Posts Tagged ‘arthur phillip’

AN UGLY WAR – BRITAIN VERSUS THE OTHER

Tuesday, December 6th, 2016

‘Phillip was authorised to see to the defence of the colony’. Professor Bruce Kercher, History of Law in Australia, Allen and Unwin, 1995

2016 – September, Manly Beach: Fake news – ROAD RAGE –  STABBING violence broke out on both Harbour and Spit Bridges when cars were caught in giant grid-lock as crowds rushed to Manly where a whale – as big as a bus – was beached on the sand.

1790 – September, Manly Beach: Real news – excited Aborigines and Englishmen rushed to Manly to marvel at a large whale stranded on the sand. Described as a tremendous monster’ it proved a tipping point in the near annihilation of a free people, Australia’s First Peoples. (more…)

ARTHUR PHILLIP – HUNG OUT TO DRY

Tuesday, October 6th, 2015

June 1790: In which long time no supplies [from England] had reached us. From the intelligence of our friends and connections we had been entirely cut off, no communication whatever having passed with our native country since the 13th May, 1787, the day of our departure from Portsmouth’. Marine Captain Watkin Tench, Sydney’s First Four Years, ed. F.L. Fitzhardinge, Angus and Robertson,1961.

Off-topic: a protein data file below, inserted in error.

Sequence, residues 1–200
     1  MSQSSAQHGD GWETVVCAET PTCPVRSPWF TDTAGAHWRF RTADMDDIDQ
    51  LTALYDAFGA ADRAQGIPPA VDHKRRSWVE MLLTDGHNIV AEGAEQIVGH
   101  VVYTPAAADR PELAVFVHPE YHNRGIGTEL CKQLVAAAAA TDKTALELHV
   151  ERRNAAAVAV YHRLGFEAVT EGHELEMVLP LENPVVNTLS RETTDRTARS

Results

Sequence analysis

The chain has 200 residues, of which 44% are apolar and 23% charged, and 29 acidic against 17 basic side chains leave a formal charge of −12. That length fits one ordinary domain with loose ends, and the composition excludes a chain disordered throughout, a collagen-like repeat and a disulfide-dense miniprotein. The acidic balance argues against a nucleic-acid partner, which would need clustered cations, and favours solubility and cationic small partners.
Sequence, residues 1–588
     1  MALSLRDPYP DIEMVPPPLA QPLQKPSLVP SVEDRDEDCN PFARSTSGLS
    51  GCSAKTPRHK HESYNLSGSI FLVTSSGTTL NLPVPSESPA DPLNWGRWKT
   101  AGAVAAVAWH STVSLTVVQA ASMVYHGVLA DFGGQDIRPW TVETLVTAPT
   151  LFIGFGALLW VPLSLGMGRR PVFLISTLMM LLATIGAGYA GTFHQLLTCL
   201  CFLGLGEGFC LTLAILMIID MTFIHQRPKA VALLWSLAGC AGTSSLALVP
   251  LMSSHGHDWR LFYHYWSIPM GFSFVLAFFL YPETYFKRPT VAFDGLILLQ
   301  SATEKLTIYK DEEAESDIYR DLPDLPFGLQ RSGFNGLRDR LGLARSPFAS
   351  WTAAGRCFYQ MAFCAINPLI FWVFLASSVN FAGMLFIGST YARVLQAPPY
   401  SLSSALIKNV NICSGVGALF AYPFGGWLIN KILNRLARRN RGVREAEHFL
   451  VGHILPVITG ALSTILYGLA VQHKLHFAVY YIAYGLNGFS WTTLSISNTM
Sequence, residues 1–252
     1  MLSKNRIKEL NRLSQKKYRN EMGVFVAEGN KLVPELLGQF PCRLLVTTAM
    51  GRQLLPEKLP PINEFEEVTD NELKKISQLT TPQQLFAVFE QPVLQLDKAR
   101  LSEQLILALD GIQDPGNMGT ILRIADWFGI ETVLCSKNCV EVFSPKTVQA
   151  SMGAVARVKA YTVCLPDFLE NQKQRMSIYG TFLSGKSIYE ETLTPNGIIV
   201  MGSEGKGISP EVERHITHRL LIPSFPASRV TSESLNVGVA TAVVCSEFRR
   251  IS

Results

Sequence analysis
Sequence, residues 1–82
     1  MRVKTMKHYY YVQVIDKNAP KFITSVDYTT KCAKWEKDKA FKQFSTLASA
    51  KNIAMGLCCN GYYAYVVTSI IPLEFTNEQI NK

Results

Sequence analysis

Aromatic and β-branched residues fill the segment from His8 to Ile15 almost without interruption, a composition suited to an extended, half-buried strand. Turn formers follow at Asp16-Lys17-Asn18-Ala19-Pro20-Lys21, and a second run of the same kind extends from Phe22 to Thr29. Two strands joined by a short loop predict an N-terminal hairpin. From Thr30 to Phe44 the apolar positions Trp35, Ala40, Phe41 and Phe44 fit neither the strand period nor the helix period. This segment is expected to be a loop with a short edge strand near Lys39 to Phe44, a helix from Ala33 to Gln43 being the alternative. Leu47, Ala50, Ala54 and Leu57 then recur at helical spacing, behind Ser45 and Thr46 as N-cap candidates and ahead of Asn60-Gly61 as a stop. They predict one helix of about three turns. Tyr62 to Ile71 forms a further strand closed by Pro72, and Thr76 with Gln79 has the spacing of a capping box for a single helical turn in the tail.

1790  – 3 June, Sydney: When on 3 June 1790  Lady Juliana with ‘London on her stern’ sailed into Sydney Harbour three (3) years had passed since a large convoy of eleven (11) English ships, known in Britain and Australia as the  ‘First Fleet’, sailed from Portsmouth, England bound for Botany Bay, New Holland.

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ARTHUR PHILLIP AND “RULE 303”

Tuesday, June 30th, 2015

‘Twenty-five regiments of British infantry…fought in one of the most prolonged wars in the history of the British empire and for the first half of their stay were probably more frequently in action than the garrison of any other colony besides that of southern Africa’. Dr Peter Stanley, The Remote Garrison, The British Army in Australia 1788-1870, Kangaroo Press, 1986

Did Britain invade New Holland?

1889 – April 3, United Kingdom: Judicial Committee of the Privy Council; Lord Watson, Lord Fitzgerald, Lord Hobhouse, Lord MacNaghton, Sir William Grove, Cooper V Stuart [1889] 14 AC ruled; ‘it [New South Wales] was peacefully annexed to the British Dominion’.

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